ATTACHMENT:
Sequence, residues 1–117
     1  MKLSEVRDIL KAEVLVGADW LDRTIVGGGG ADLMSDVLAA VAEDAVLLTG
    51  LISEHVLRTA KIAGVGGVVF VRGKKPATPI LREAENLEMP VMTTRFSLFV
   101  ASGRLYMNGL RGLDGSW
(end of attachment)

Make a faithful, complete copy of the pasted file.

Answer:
Sequence, residues 1–117
     1  MKLSEVRDIL KAEVLVGADW LDRTIVGGGG ADLMSDVLAA VAEDAVLLTG
    51  LISEHVLRTA KIAGVGGVVF VRGKKPATPI LREAENLEMP VMTTRFSLFV
   101  ASGRLYMNGL RGLDGSW